Transcriptional regulation plays a critical role in mounting an appropriate immune response to pathogens. The control of transcript expression in the many different cells of the immune system is highly regulated. Strict control is necessary to ensure a well-coordinated response is mounted that both stops the invading pathogen while minimizing damage to the host. Dysregulation of the transcriptional response, due to natural variation in the immune system or some pathogenic mechanism, can lead to severe illness in infectious disease.

A mechanistic understanding of the sequence of events fundamental to the regulation of transcription during the host immune response is necessary to identify treatments and methods of prevention in severe disease. Transcription can be regulated on multiple levels such as genetic variation, changes to chromatin topology, DNA methylation and histone modifications. These can all work in tandem to govern access to promoter regions on DNA for regulatory molecules that directly bind DNA and its associated proteins. Linking transcriptomics to epigenetics and genomics can uncover the regulatory factors and processes that maintain an effective host:pathogen response.

This Research Topic aims to investigate transcriptional events causal to disease progression in infectious disease, with a focus on the underlying genetics. The topic will include on-going questions such as how specific genetic variants modulate transcriptional events during the host immune response and how both pathogen and host transcriptional mechanisms coordinate to benefit the survival of the host or the replication of the pathogen.

We welcome the submission of Original Research, Review articles and Short Communications that include, but are not limited to, the following topics:

1. Genetic variation underlying changes to transcriptional regulation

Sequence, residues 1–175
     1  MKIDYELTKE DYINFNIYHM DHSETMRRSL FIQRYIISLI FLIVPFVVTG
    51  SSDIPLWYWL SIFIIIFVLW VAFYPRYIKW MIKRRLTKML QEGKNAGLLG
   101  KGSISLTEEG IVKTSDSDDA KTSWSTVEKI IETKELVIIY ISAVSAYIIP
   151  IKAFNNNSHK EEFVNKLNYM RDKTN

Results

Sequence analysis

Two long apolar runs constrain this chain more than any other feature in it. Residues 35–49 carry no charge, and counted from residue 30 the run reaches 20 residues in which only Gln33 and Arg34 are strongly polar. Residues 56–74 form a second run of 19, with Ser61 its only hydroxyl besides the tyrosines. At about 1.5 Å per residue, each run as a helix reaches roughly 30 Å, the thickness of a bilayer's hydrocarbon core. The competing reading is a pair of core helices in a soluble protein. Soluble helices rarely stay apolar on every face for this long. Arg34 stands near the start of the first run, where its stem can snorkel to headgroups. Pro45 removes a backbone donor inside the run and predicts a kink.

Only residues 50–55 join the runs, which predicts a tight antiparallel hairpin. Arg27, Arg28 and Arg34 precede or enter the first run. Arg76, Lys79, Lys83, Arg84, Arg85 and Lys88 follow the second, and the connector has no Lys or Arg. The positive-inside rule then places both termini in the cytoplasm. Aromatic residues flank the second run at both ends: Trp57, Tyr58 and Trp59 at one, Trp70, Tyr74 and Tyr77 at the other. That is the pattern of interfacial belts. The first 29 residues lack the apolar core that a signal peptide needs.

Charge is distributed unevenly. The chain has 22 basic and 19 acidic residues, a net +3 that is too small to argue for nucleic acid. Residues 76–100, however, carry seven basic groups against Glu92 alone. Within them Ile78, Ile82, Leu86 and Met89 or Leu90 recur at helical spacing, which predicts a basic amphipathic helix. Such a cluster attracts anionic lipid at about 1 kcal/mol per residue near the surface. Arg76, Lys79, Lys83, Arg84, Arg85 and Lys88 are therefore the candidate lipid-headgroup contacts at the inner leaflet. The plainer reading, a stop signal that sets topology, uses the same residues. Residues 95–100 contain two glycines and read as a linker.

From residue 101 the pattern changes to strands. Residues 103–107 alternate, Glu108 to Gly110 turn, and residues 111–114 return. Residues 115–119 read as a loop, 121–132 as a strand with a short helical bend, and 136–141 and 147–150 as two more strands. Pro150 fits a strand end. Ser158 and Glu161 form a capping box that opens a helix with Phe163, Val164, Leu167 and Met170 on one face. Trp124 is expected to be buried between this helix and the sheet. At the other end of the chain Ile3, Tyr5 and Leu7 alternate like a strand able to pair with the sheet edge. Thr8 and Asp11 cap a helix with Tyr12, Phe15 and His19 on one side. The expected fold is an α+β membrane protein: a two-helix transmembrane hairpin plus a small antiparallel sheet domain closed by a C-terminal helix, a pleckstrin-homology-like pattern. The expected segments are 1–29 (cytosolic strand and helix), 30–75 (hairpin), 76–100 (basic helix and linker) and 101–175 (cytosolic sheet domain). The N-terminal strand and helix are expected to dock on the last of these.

2. Transcriptional regulation in innate immunity
3. Transcriptional regulation in adaptive immunity
4. Development of models to understand transcriptional mechanisms underlying disease progression in pathogen infection
5. Evolutionary and comparative perspectives of transcriptional mechanisms underlying the host response to infection.

This Research Topic is not limited to lab-based experiments and we would like to include computational analyses. Further, we will not limit the topic to any specific pathogen or host species.

The Editors acknowledge Dr. Thomas Hall (University College Dublin), who contributed to the preparation of the Research Topic proposal. 


Keywords: transcriptional regulation, immune response, pathogen, host, infectious disease, genetic variation, innate immunity, adaptive immunity, pathogen infection


Important Note: All contributions to this Research Topic must be within the scope of the section and journal to which they are submitted, as defined in their mission statements. Frontiers reserves the right to guide an out-of-scope manuscript to a more suitable section or journal at any stage of peer review.

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Submission Deadlines

28 September 2021 Abstract
14 February 2022 Manuscript

Participating Journals

Manuscripts can be submitted to this Research Topic via the following journals:

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Topic Editors

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Submission Deadlines

28 September 2021 Abstract
14 February 2022 Manuscript

Participating Journals

Manuscripts can be submitted to this Research Topic via the following journals: